From left: Carley Rose Kelley; First Lady of Alaska Rose Dunleavy; Department of Corrections officer Sergeant Ken Noland and Alaska’s first Miss America pageant winner Emma Boyles, applaud Gov. Mike Dunleavy’s State of the State address on Tuesday, Jan. 25, 2022. (Peter Segall / Juneau Empire)

From left: Carley Rose Kelley; First Lady of Alaska Rose Dunleavy; Department of Corrections officer Sergeant Ken Noland and Alaska’s first Miss America pageant winner Emma Boyles, applaud Gov. Mike Dunleavy’s State of the State address on Tuesday, Jan. 25, 2022. (Peter Segall / Juneau Empire)

Alaska Voices: Annual award pays tribute to Alaska’s volunteers

Please join me in recognizing deserving Alaskans by submitting a nomination for the the First Lady’s Volunteer Awards

By First Lady Rose Dunleavy

In the past two years, Alaskans have weathered the storm of the pandemic in a multitude of ways — by devoting countless hours of overtime to care for our loved ones, shifting to virtual platforms, adjusting to new family roles and dynamics, supporting communities with Alaskan-made goods, and going the extra mile to help a neighbor. Reflecting on this time, I feel a deep sense of gratitude to call Alaska home and to be surrounded by such dedicated and inspiring individuals.

Volunteerism is a key pillar of Alaska’s rich history and future. I am happy to continue the First Lady’s Volunteer Awards, an annual tradition started by First Lady Bella Hammond in 1975 to recognize and pay tribute to a special group of volunteers that make extraordinary contributions to our communities and state. It is a special honor for me to present these awards to individuals who are selfless, caring, and make positive impacts on the lives of other Alaskans and our communities.

Last year, our program recognized Alaskans who advocate for our state’s most vulnerable populations, provide food and resources to the homeless, educate Alaskans about the importance of pollinators, improve the lives of those experiencing addiction, enrich our state with community events and fundraisers, dedicate efforts in supporting Western Alaska’s Alaska National Guard population, and lend a calming presence for Alaskans in hospice care. Each one of these Alaskans has made our state a better place to live, and I thank them for their service.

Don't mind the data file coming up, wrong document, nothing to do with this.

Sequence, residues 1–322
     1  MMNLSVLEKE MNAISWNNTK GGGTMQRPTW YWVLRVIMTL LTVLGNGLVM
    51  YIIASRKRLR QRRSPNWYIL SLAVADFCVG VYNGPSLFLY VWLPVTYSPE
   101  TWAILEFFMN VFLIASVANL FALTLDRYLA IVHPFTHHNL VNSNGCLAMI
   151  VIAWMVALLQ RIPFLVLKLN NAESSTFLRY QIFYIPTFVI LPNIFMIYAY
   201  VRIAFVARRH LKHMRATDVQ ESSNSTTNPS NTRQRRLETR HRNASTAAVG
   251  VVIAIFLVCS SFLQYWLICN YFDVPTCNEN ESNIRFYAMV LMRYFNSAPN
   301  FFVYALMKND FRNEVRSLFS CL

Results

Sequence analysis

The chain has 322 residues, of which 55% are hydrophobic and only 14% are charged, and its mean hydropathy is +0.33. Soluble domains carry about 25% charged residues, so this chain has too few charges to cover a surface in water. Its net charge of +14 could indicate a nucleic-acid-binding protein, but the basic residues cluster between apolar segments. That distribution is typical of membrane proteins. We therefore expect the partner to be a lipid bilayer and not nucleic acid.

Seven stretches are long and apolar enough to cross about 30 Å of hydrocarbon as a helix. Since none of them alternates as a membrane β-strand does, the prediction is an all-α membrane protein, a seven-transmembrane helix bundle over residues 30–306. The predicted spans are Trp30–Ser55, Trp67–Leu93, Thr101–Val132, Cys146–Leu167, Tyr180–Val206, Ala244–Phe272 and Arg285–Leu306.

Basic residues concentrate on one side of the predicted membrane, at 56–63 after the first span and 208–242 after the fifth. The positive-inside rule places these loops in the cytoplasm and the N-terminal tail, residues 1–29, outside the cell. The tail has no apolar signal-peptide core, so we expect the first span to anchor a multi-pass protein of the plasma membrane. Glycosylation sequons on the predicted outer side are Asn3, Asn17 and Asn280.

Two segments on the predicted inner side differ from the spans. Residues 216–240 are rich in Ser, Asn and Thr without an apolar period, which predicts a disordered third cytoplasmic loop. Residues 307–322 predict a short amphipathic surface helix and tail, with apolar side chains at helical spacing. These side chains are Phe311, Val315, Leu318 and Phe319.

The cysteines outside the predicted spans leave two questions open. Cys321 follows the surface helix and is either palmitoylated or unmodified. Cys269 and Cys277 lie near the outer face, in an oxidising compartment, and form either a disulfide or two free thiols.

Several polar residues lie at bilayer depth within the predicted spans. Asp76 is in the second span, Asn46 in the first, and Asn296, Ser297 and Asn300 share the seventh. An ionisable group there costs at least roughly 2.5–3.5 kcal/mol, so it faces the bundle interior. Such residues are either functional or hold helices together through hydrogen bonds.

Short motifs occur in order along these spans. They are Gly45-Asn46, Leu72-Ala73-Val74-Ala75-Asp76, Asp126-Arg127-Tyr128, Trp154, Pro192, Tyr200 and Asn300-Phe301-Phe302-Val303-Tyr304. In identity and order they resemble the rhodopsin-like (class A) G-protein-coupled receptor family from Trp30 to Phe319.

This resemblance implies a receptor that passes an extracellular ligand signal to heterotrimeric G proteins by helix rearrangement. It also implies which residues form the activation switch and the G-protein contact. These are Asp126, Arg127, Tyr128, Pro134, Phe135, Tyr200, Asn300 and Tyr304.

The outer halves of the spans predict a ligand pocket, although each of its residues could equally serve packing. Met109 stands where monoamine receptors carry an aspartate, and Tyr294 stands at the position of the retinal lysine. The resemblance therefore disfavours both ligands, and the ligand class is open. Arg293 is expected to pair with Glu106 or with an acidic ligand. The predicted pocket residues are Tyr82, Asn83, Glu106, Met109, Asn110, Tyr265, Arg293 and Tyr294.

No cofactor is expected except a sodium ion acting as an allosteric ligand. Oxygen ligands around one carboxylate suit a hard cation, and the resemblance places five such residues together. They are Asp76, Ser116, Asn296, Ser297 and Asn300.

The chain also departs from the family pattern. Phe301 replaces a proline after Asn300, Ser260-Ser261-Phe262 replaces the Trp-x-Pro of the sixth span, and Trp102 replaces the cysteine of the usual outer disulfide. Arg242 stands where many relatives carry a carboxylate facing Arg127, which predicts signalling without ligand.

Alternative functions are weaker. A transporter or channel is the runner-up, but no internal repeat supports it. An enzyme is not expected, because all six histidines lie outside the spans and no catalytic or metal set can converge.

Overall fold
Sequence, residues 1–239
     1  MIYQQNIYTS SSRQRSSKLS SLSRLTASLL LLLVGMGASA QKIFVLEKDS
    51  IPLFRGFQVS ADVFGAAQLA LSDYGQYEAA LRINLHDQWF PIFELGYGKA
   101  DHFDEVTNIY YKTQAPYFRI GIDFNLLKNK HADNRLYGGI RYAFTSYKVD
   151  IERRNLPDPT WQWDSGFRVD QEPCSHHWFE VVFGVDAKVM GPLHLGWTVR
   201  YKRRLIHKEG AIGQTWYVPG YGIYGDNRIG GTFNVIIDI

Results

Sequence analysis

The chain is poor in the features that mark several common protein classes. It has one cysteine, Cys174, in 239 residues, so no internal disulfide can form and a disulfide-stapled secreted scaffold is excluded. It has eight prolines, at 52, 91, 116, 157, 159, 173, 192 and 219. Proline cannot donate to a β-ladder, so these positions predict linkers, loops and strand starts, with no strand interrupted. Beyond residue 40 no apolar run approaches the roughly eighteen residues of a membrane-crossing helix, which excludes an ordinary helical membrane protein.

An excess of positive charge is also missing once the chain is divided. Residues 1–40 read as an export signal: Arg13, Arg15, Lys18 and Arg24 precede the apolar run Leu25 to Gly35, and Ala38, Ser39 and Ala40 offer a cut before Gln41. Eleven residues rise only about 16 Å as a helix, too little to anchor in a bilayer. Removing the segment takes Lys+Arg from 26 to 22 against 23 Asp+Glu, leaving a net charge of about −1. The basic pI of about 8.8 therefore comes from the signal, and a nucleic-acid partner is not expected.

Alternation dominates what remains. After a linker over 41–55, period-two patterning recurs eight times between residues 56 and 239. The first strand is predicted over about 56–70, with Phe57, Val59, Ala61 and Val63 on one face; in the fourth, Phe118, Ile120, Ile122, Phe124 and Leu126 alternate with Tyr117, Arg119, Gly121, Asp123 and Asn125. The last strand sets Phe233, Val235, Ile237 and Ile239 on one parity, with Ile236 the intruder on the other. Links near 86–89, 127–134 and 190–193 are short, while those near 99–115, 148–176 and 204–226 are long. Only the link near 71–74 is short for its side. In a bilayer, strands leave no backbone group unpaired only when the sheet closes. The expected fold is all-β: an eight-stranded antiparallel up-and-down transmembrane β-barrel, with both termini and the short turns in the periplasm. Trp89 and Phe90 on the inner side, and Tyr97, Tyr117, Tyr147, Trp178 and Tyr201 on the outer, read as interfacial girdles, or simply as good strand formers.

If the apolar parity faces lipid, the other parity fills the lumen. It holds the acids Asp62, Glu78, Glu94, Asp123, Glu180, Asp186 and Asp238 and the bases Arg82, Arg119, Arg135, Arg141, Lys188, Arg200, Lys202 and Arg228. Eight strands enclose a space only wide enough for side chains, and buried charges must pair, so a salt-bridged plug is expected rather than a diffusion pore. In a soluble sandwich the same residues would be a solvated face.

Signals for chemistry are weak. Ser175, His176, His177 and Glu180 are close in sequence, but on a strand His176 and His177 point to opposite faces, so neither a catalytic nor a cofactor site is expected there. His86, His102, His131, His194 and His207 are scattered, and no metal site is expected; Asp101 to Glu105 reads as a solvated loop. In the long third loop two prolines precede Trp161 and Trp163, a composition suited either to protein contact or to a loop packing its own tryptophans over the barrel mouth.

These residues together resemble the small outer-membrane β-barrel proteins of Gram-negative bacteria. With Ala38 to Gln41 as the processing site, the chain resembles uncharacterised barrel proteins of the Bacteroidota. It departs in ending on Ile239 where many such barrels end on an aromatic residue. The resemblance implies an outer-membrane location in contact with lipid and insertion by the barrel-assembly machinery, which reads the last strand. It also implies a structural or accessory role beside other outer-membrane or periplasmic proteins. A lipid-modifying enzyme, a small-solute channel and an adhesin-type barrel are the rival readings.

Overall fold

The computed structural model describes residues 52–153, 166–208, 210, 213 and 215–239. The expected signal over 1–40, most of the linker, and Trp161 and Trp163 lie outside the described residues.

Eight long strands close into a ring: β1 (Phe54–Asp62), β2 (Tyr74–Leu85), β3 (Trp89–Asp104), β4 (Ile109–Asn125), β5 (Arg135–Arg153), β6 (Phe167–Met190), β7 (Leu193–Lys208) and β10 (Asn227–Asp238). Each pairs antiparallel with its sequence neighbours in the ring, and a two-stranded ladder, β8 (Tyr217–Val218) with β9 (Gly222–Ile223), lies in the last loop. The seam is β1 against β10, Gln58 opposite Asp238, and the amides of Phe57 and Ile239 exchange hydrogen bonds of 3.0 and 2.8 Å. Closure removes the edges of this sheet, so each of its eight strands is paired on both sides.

Exceptional volunteers are not those that seek recognition, but rather do the hard work with a giving heart. The First Lady’s Volunteer Awards shines a light on these special Alaskans. Each nominee has an uplifting story to tell, and I look forward to sharing those stories with all Alaskans when the recipients are announced.

Recipients are chosen by a committee of Alaskans in a selection process that values long-term volunteerism, and high-impact service to community. The 2022 recipients will be honored at a ceremony at the Governor’s Residence in Juneau this spring. The committee members and I are looking forward to reading the nominations with the opportunity to highlight the good work that is being done across Alaska.

Please join me in recognizing deserving Alaskans by submitting a nomination. Nominations for outstanding volunteers are being accepted now through March 10. Nominations can be submitted online at volunteerawards.alaska.gov or by submitting hard copies, which are available to pick up in person in the Anchorage, Fairbanks, Juneau, Soldotna, or Palmer Governor’s Office. For more information, please contact the Office of the Governor at 907-465-3500.

Rose Dunleavy is the First Lady of Alaska.

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